Made For Another World: The Gift of C.S. Lewis
If I find in myself desires which nothing in this world can satisfy, the only logical explanation is that I was made for another world.
― C.S. Lewis, Mere Christianity
The room was decorated beachy, with shells and paintings of blue and white. The twin beds were draped in coastal-themed comforters. The night stand was ordinary wood and on it sat a lamp. There were no windows in the room, just sheetrock and décor and light from the lamp.
It was in this room in a condo Gulf Shores, Alabama that I opened Mere Christianity – and my life will never be the same. The room was ordinary, windowless, but the light that shone was brilliant and penetrating. It was the light of truth.
I think a lot but I’m no intellectual. I never was and never will be. At the time in which I met Lewis’ writing I was a college student, which is to say I was unaware of the real world. I was self-indulgent and my perspective was small. Nothing extraordinary for a young man, I reckon.
Having grown up in excellent, orthodox churches, I had met God somewhere along the way. I know not when. I just don’t remember not knowing him. Even as a child the Lord was scary close. I remember once I was awaken from sleep in a sweat, my conscience seared by the need to confess some vandalism I had committed. I walked through the dark to my parents’ room, woke them, and told them. My parents are, and always have been, gracious and loving. There was no fear of them. I knew then that my sin was a grievous offense and that I was compelled by God himself to confess what I had done. This was young repentance, an acknowledgement of my transgression and a turning from it towards confession and grace. I tasted grace.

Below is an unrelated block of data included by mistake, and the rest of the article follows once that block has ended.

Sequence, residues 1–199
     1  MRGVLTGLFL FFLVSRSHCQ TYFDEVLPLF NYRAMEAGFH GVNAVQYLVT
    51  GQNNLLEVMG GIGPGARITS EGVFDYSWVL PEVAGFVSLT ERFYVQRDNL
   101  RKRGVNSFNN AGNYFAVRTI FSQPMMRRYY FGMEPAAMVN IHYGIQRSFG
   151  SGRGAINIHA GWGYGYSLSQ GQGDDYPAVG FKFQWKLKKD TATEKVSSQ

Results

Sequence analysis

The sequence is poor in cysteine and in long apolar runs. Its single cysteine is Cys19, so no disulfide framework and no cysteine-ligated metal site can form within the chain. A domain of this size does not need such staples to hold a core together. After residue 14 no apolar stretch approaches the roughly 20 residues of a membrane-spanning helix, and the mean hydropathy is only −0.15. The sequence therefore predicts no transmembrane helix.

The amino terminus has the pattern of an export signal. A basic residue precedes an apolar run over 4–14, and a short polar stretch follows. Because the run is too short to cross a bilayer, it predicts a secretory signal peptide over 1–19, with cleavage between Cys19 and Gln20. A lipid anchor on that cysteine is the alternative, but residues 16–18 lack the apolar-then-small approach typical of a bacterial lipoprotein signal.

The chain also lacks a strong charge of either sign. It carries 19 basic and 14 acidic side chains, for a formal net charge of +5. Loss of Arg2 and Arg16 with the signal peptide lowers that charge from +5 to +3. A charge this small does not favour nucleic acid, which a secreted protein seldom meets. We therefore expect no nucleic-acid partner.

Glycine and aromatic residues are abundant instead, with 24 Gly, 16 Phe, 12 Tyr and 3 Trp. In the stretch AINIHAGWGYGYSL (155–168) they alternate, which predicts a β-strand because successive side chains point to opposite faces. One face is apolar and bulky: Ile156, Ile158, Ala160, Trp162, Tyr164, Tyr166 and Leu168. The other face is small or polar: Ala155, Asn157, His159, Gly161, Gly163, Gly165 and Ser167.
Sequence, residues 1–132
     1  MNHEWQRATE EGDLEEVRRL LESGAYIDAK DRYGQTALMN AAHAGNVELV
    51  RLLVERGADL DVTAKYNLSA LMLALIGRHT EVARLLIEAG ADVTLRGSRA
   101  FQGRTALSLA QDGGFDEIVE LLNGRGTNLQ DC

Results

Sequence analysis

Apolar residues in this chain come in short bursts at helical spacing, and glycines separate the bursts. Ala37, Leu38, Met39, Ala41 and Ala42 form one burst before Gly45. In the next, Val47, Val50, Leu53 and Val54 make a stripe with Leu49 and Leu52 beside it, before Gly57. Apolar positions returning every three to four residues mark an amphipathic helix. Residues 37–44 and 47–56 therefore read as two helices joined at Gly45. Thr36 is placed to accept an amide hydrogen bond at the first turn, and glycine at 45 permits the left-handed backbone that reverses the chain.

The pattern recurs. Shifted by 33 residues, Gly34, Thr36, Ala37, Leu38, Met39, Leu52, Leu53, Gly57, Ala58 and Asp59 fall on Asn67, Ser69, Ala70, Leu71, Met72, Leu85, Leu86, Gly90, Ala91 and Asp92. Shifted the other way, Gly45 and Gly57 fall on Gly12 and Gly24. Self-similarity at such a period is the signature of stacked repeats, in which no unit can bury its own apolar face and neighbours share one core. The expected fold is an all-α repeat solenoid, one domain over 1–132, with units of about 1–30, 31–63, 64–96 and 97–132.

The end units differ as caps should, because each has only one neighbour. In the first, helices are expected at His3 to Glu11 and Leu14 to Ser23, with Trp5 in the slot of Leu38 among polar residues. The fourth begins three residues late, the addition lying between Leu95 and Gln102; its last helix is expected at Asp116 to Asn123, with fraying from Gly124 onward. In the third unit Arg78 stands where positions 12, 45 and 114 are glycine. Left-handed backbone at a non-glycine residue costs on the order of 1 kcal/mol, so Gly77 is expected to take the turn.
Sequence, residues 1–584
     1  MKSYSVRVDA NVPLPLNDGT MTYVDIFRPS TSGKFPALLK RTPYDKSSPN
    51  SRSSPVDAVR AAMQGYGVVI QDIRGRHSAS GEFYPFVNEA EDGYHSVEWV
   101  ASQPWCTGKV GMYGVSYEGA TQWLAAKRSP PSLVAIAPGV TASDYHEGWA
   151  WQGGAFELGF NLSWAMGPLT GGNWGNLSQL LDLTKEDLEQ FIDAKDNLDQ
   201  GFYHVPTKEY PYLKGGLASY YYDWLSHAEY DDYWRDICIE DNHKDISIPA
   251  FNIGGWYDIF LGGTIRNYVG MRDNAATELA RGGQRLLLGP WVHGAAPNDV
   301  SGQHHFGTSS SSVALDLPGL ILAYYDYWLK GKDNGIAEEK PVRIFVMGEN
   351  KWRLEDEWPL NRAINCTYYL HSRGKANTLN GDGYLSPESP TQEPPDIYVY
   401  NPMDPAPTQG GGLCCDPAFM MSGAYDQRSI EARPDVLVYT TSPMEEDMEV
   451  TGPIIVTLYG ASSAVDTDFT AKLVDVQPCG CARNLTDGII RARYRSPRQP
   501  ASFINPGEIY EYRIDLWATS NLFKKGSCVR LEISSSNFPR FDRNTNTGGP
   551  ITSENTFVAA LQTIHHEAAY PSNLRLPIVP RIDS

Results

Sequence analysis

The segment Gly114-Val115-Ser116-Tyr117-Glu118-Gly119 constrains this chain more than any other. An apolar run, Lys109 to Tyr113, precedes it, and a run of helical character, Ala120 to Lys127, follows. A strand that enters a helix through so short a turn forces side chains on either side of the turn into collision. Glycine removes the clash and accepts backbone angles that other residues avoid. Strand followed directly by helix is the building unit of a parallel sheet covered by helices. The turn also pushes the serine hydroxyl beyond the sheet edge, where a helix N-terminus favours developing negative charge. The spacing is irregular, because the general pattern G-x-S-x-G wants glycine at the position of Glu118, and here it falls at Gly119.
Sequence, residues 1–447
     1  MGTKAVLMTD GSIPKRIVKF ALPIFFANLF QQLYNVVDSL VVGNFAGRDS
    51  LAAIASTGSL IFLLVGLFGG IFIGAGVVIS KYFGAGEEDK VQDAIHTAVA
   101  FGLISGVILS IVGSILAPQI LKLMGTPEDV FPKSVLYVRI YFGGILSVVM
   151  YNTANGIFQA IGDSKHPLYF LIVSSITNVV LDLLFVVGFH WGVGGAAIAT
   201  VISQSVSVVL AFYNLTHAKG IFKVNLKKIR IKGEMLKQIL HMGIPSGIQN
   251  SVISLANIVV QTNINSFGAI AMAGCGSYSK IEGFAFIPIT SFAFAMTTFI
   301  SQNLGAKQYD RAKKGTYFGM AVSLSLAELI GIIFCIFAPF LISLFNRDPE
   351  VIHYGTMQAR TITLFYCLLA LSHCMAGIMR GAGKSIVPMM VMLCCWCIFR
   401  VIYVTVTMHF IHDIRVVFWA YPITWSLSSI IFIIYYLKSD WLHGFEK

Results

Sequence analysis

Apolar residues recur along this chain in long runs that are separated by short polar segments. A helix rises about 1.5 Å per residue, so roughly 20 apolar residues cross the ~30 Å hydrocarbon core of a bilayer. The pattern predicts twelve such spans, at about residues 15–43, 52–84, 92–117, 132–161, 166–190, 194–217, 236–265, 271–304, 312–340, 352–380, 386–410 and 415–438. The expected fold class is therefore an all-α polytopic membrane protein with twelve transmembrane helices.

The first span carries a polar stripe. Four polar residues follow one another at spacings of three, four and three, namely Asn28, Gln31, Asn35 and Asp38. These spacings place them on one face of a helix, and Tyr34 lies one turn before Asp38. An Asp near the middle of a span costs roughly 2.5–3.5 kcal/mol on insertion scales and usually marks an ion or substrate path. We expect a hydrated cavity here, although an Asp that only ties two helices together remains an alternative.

So as I opened the paper cover of Mere Christianity, I opened it as a believer. I knew Jesus and I needed no convincing. I was just immature and young, my mind fresh and unseasoned. I was ripe for the harvest.
As I walked into the mind of Lewis in the book, my mind exploded. Lewis was so bright, yet approachable. He was so clever, yet dead serious. I had to read pages over and over because the insights washed over each other like the waves nearby. When you read something life-changingly profound it is very hard to read the next sentence without hanging on the previous wisdom. So it was messy reading for me and I struggled through it with exuberant joy.
My heart was engaged and my mind was overloaded. As Lewis quipped and argued and opened pathways to wonder, I changed. I saw through a door I did not know existed, a door to rational Christian thought combined with imagination and love. It was orthodoxy, but not in the way of repeating liturgy over and over because it’s true. It was fresh orthodoxy, new truths about God that I had not imagined. I couldn’t have imagined them.
C.S. Lewis died November 22, 1963, along with John F. Kennedy and Aldous Huxley. He was 64. I am one of his many admirers. There is so much to say about Lewis, but for me I can say he ignited my soul through his writings. Or, more accurately, God ignited my soul through Lewis’ writings.
I don’t know how we meet others in heaven, but I dream of meeting Lewis in a dark pub on side street somewhere. I would love to buy him a pint, shake his hand, and maybe he can blow my mind some more.
Thank you, Lord, for the mind of C.S. Lewis.